It's nice to finally have stable, full-time work. It's not full-time philosophy work, but hey, it pays the bills, provides me access to research materials, and affords me the opportunity to philosophize in my spare time. Plus I don't have to grade tall stacks of mostly mediocre student papers—never my idea of a fun time.

I like how you express the logical gap between "(1) temporal wholes are logically prior to their parts and (2) the partitioning of temporal wholes is due to our conceptual activities." That seems to be the crux of the matter as far as Puryear's critique of Craig is concerned. I would agree with Puryear that Craig can be read as endorsing (2), but I don't think that Craig has to read that way. And even if Craig does endorse (2), it's not clear why defenders of the Kalam argument need to endorse it.

Warm regards,

Alan

Hi Alan,

Thanks for the interesting comment. In the paper, I take myself to be criticizing one of two basic replies to what I call the anti-finitist objection, which is, in one guise, that motion across a finite distance involves traversing an actual infinite. The first reply, the one I target in the paper, is Craig's, which is that space and time have parts only insofar as we specify those parts in thought. The second reply is that space and time are atomic, so that any finite magnitude of either has only a finite number of parts. When you suggest that one could deny that it is only our conceptual activities that divide a continuous interval, and instead hold that there are "smallest natural divisions" in physical motion, I take this to be equivalent to suggesting that one could opt for a version of the second reply rather than the first. But that's not really a rebuttal to my objection, since my objection only targets the first reply.

I have not yet decided whether the second reply is viable, but it does seem to me to commit one to the view that space and time are discrete, not continuous. Given that space and time have been widely thought to be continuous, this would be a bullet one would have to bite.

Bill, regarding your last point, I agree that there's a logical gap between (1) and (2). (2) entails (1), but (1) does not entail (2). But my argument does not assume that (1) entails (2). Craig explicitly affirms (2), and properly speaking that is the target of my criticism.

I base my ascription of (2) to Craig on remarks such as these:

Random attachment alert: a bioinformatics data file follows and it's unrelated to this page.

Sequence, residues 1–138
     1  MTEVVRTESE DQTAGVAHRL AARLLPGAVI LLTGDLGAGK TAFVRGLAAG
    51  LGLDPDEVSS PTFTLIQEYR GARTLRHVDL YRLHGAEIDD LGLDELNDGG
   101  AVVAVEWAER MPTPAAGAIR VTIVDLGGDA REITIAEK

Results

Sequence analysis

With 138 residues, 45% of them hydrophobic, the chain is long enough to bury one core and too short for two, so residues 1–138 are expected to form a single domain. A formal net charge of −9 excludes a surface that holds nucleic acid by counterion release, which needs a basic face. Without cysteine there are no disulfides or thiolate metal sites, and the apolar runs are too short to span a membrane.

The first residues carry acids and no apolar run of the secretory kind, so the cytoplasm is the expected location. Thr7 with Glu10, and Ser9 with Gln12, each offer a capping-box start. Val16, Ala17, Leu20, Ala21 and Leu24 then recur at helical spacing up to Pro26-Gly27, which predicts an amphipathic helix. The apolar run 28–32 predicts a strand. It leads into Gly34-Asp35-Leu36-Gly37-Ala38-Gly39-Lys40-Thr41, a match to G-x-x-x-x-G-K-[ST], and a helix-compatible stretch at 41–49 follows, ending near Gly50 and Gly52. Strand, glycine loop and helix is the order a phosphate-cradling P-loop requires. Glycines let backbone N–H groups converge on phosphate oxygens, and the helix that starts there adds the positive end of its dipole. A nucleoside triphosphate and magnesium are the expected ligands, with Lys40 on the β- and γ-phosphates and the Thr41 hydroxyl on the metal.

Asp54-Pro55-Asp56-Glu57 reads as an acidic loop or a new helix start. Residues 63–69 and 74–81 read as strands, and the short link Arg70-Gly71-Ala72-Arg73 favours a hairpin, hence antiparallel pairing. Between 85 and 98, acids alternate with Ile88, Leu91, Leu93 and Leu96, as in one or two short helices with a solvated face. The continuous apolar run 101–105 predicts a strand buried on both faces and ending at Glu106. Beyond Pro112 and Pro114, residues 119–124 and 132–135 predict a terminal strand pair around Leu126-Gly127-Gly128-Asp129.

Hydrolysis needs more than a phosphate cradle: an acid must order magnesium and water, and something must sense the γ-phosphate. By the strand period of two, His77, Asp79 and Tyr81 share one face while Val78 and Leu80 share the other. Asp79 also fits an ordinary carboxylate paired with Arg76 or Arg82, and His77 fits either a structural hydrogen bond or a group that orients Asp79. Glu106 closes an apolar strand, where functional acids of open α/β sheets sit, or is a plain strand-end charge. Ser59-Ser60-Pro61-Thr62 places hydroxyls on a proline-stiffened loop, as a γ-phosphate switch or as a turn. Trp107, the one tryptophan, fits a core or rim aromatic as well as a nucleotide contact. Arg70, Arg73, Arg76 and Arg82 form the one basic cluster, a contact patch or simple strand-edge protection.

"If one thinks of a geometrical line as logically prior to any points which one may care to specify on it rather than as a construction built up out of points (itself a paradoxical notion), then one’s ability to specify certain points, like the halfway point along a certain distance, does not imply that such points actually exist independently of our specification of them ... By contrast, if we think of the line as logically prior to any points designated on it, then it is not an ordered aggregate of points nor actually infinitely divided. Time as duration is then logically prior to the (potentially infinite) divisions we make of it." (Craig and Sinclair 2009: 112–3, emphasis added; cf. Craig and Smith 1993, 27–30)

It seems to me that the bold bits cinch it for the interpretation that the divisions are due to our conceptual activity.

Hi Stephen,

Thanks for the thoughtful response.

I agree that your interpretation of Craig is probably correct. And I agree that your argument correctly identifies a serious problem with Craig's way of handling what you call "the anti-finitist objection".

My proposed response falls between the two responses you consider in your paper. I'm suggesting (pace finitism) that there are real continua (infinitely divisible manifolds) and (with Craig) that continua are more fundamental than their parts, but (pace Craig) that parts of a continuum can be specified independently of conceptual activity on our part. For a beginningless temporal continuum to have an actually infinite number of parts all there has to be is a finite-size measuring stick (so to speak), like a periodic natural process, such that if it were applied to the continuum would yield a measure of infinite cardinality.

Cheers.

Hi Bill,

I've got a couple of comments. First,

"The trick is to think of a continuous whole, whether of points or of moments, as logically/ontologically prior to its parts, as opposed to composed of its parts and thus logically/ontologically posterior to them. Puryear takes this to entail that a temporal interval or duration is a whole that we divide into parts, a whole whose partition depends on our conceptual activities. (This entailment is plausible, but not perfectly evident to me.)"

It's unclear to me why Puryear thinks this entailment holds, and why you think it's at all plausible. Whether or not the points are posterior to the whole, you've got an infinite number of them, an actual infinity. How is it supposed to follow that the partition depends on our mental activities? I assume that there is more reasoning here that has been omitted for the sake of brevity.

Also, this is not the point of Puryear's argument, but I think the following premise is vulnerable:

4. The temporal sequence of past events was formed by successive addition.

What, exactly, is meant by "successive addition" in this context? I guess I take a beginningless past to mean that for every event, there was some prior event (though I suppose looped time would count by this definition, leave that aside for now). Does that qualify as being "formed by successive addition?" At what point was the formation complete? The only thing I can think to say is that the formation has always been complete. There has always been an actual infinity of past events. In that sense, the infinite series of events was never "formed" by successive addition or any other way.